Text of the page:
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Photoshop Elements 8 for Mac Essential Training highlights the important features of this comprehensive image editing application. Photographer Jan Kabili shows how to use Photoshop Elements 8, along with its companion program, Bridge CS4, to organize and edit photos, build projects like web galleries and photo collages, and share photos with family and friends. Jan dives deep into the application's editing tools, which rival those of the full product, Photoshop, in their ability to take snapshots and turn them into great photos. Exercise files accompany the course.
In Photoshop Elements 8 for Mac, you can't create a full-featured slideshow complete with music and narration and other advanced features. But you can create a simple PDF slideshow, a slideshow saved in the portable document format that you could put up on a website or send to someone by e-mail or display on a computer screen. I've opened six images here into Elements, and I'm working in the Create workspace, which I accessed by clicking this Purple Tab. From this list of projects, I'm going to choose PDF slideshow and that opens Adobe Bridge CS4, which is where I can go to create a PDF slideshow.
You can't make the slideshow directly in Elements, but you can go from Elements to Bridge to make this slideshow. Bridge opens to its special output workspace with the PDF button highlighted and with all six of the images selected here in the Content panel. I am going to go to the Template field and I'm going to choose a template for my slideshow. I'll choose the Fine Art Mat template, which will allow me to see each image one by one on a single screen surrounded by a mat. I am going to click Refresh Preview to preview how each image will look.
I am going to leave all the Document settings as they are, as well as the Layout settings and I'm going to scroll down all the way to the settings for Playback. I am going to leave everything checked here because I am going to want my slideshow to open in Full-Screen mode so that it takes over my entire screen. I do want the slides to advance automatically. I might make them advance at some other number of seconds than 5 seconds. I'll put 2 seconds. If I want the slideshow to play over and over, I'll leave Loop After Last Page checked here and then from this menu, I can choose a transition between the slides.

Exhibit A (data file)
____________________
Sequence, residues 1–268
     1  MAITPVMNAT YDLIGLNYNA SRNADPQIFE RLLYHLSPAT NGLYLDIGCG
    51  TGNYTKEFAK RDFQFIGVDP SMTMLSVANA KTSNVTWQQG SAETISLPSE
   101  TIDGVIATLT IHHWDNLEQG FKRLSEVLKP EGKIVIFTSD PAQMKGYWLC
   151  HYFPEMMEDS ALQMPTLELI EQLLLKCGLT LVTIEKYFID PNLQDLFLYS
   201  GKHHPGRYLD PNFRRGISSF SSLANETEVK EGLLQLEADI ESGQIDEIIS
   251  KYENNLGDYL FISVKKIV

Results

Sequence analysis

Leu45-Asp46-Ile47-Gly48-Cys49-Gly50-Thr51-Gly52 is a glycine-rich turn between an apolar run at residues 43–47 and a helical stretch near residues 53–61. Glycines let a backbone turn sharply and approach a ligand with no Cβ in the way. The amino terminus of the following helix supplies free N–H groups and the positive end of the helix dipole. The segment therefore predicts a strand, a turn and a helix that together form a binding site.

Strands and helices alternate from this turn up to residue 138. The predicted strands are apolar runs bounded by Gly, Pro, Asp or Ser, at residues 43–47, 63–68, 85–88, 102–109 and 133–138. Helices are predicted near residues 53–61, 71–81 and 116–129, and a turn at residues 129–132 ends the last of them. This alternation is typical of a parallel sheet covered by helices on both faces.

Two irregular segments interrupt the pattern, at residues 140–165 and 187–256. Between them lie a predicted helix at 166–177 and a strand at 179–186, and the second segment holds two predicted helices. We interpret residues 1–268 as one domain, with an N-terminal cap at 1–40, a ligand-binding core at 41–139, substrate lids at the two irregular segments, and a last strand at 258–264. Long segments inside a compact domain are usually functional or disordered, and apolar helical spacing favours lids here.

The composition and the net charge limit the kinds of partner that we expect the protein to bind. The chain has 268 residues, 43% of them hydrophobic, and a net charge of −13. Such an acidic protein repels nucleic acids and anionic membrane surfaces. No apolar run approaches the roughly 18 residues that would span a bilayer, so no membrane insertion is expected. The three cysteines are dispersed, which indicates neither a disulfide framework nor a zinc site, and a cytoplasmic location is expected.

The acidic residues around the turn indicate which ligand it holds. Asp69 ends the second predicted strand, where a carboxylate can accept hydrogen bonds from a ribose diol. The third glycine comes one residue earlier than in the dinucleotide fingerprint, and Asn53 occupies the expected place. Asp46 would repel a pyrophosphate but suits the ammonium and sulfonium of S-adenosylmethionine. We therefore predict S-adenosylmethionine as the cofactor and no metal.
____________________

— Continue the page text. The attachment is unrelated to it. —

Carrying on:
I could choose no transition at all, so that the slides would just change from one static image to another or I could choose one of these animated transitions like Fade. I can also choose the Speed of that transition. I'll leave that at Fast. Then I'll scroll all the way down to the bottom of the Output panel. I am going to make sure that View PDF After Save is checked and I'm going to click the Save button. I'll give the slideshow a name, I'll call this carousel and I'll save it to my Desktop and I'll click the Save button.
Adobe Bridge generates this PDF slideshow for me and saves it to my Desktop. It then asks whether I want to put Adobe Acrobat into full-screen mode, so that I can view the slideshow and I'm going to click Yes, and here is my slideshow automatically playing on my Desktop. When I'm done looking at it, I'll press the Escape key on my keyboard and when I go out to my Desktop, there is my PDF file that plays as a slideshow in Acrobat.
I could upload this PDF to the web, I could attach it to an e-mail or I can view it here on my computer.
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